Sodastream – A Minor Revival

A Minor Revival

A Minor Revival is the seventh release from the Australian group Sodastream. I don’t know where the name comes from, but it makes me think of a clown gag involving a seltzer spray bottle. As an album that clocks in at 13 songs, Revival is a remarkably consistent effort, every song a pleasurable pop gem. But this shouldn’t be too surprising, I suppose, as songwriters Karl Smith and Pete Cohen have led the group through various incarnations since their 1997 release Enjoy, including a stint as a guitar and double bass duo. They managed some BBC radio airplay early on and have since hit the US as well, including an appearance at the South By Southwest Festival.

All of this is to say that these guys are old pros. They have augmented their sound here with light drums, trumpet, and viola but maintain a formula of spare arrangements and hooky melodic lines.

Nothing on this record will sound unfamiliar to anyone who owns a Belle & Sebastian album, and in fact Smith’s voice sounds eerily similar to Stuart Murdoch’s, but this isn’t to take anything away from Sodastream, who at this point I think I like better than Belle & Sebastian. This band strips away a lot of the indie pretension that can often get so cloying, and the musicians seem more sincere, far less “ironic” and fey. Their lyrics are often gorgeous. “I adored this crumpled lawn and I greeted you / with a grinding jaw and a beer in hand. / The laugh lines made me second rate,” Smith sings on the wistful “Mrs. Gray.” As you can see, melancholy and nostalgia cross their well-worn paths many times in these songs. They’re not all so heavy, however. “America” is a simple song about wanting to run away with someone.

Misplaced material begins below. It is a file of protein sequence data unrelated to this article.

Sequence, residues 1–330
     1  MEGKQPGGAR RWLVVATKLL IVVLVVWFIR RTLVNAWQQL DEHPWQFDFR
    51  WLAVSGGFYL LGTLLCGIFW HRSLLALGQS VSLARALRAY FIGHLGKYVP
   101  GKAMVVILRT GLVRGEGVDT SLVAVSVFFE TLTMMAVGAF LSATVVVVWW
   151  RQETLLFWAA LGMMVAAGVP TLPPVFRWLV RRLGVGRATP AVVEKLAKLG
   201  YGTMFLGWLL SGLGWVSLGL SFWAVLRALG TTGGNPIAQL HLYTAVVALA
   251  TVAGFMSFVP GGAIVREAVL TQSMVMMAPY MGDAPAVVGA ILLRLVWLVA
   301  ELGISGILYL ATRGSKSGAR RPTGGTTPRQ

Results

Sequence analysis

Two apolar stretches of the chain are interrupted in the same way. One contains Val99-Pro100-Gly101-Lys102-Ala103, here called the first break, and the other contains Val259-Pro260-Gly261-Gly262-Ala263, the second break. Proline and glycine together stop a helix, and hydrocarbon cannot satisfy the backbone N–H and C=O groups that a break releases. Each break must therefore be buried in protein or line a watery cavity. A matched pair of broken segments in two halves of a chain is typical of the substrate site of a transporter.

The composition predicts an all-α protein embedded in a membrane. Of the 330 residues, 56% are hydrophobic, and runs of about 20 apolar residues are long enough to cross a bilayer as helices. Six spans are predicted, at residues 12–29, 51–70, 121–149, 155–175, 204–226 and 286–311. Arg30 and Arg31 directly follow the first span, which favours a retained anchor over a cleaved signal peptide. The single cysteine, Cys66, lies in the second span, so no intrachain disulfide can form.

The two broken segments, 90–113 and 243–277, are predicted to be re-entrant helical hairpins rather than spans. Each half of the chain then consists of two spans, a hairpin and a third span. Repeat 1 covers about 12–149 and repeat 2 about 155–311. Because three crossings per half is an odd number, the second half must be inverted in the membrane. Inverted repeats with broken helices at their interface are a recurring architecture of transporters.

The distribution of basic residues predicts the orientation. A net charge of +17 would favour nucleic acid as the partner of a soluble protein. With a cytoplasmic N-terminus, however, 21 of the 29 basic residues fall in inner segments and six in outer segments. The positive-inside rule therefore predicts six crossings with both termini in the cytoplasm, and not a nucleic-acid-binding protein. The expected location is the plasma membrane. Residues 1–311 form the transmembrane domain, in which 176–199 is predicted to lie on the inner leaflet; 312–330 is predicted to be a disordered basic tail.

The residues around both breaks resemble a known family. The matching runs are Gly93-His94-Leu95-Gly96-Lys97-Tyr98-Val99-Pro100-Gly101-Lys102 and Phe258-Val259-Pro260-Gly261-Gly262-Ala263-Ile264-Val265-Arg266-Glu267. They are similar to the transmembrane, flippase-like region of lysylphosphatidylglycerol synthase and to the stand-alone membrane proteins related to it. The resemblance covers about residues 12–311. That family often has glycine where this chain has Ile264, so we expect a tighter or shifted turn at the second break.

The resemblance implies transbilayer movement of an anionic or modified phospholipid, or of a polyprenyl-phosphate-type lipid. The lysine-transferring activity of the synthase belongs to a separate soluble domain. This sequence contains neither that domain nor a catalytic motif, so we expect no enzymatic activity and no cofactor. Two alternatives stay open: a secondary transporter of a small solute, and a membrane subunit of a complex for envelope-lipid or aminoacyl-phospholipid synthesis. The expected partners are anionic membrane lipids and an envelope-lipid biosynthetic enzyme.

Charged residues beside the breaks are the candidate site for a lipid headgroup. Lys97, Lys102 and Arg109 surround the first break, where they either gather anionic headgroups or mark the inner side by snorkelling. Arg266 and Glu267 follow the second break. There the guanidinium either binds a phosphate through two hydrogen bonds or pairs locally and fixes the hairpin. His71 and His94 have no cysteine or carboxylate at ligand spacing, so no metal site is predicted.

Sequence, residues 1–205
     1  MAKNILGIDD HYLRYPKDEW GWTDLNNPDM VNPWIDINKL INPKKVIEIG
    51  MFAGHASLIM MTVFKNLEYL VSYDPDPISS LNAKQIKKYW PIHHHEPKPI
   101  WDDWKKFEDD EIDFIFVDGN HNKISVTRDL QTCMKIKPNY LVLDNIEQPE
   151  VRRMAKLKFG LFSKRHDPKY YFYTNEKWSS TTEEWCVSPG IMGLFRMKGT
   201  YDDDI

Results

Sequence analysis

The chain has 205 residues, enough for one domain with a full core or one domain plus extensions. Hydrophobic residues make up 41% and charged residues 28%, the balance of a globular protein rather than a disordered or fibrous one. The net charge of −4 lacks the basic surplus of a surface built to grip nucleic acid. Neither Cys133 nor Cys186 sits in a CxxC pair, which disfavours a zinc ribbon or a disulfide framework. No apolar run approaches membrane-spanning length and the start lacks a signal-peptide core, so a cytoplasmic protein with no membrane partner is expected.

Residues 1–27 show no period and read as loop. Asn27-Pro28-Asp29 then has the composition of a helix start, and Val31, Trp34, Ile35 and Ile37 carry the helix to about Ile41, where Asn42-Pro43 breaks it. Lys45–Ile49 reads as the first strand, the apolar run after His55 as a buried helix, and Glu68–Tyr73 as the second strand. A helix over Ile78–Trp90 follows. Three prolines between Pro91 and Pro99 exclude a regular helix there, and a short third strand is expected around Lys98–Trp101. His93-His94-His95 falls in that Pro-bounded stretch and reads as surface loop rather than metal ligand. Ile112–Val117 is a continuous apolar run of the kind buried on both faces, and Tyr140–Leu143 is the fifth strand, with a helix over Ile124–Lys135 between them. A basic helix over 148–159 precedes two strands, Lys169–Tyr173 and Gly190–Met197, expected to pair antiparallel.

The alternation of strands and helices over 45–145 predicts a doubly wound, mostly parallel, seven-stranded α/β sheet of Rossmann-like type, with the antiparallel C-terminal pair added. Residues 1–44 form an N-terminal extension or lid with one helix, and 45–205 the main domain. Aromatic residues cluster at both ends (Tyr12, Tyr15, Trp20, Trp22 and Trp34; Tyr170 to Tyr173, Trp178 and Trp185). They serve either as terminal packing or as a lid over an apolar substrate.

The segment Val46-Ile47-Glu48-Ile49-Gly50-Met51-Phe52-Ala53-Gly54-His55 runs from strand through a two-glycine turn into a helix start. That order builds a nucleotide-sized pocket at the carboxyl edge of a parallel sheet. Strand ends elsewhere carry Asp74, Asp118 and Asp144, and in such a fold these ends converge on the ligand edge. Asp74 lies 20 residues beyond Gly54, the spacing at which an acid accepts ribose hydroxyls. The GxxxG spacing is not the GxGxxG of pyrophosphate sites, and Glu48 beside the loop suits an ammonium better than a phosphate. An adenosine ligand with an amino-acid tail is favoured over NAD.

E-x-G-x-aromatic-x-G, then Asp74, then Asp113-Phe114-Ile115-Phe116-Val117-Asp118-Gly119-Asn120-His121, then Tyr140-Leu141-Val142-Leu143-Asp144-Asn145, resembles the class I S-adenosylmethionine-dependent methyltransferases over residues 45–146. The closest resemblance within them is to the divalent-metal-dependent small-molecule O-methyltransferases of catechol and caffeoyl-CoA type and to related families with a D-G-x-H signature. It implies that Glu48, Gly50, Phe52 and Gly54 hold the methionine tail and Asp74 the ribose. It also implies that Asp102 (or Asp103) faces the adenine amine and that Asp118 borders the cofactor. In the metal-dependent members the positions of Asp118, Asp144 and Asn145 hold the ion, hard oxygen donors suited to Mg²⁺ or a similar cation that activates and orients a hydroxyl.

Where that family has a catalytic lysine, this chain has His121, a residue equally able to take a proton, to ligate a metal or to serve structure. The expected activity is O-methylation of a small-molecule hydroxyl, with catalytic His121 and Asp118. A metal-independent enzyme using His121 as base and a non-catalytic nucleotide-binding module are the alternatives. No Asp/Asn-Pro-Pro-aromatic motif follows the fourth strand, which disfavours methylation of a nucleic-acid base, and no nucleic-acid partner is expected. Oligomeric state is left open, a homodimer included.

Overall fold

A Minor Revival (I wonder if they could have meant “a-minor” as a pun) harnesses the better instincts of indie pop without giving in to its excesses, though, it must be said, without breaking any new ground either. Nevertheless, fresh-sounding pop music is always welcome, and this album contains plenty of it.